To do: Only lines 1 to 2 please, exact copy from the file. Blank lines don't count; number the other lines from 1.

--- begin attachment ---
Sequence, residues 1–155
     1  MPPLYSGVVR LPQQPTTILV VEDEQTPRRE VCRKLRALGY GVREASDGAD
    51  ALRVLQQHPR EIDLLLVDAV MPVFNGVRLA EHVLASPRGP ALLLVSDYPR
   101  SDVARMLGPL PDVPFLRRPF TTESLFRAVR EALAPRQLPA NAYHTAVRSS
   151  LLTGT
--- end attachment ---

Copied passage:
Sequence, residues 1–155
     1  MPPLYSGVVR LPQQPTTILV VEDEQTPRRE VCRKLRALGY GVREASDGAD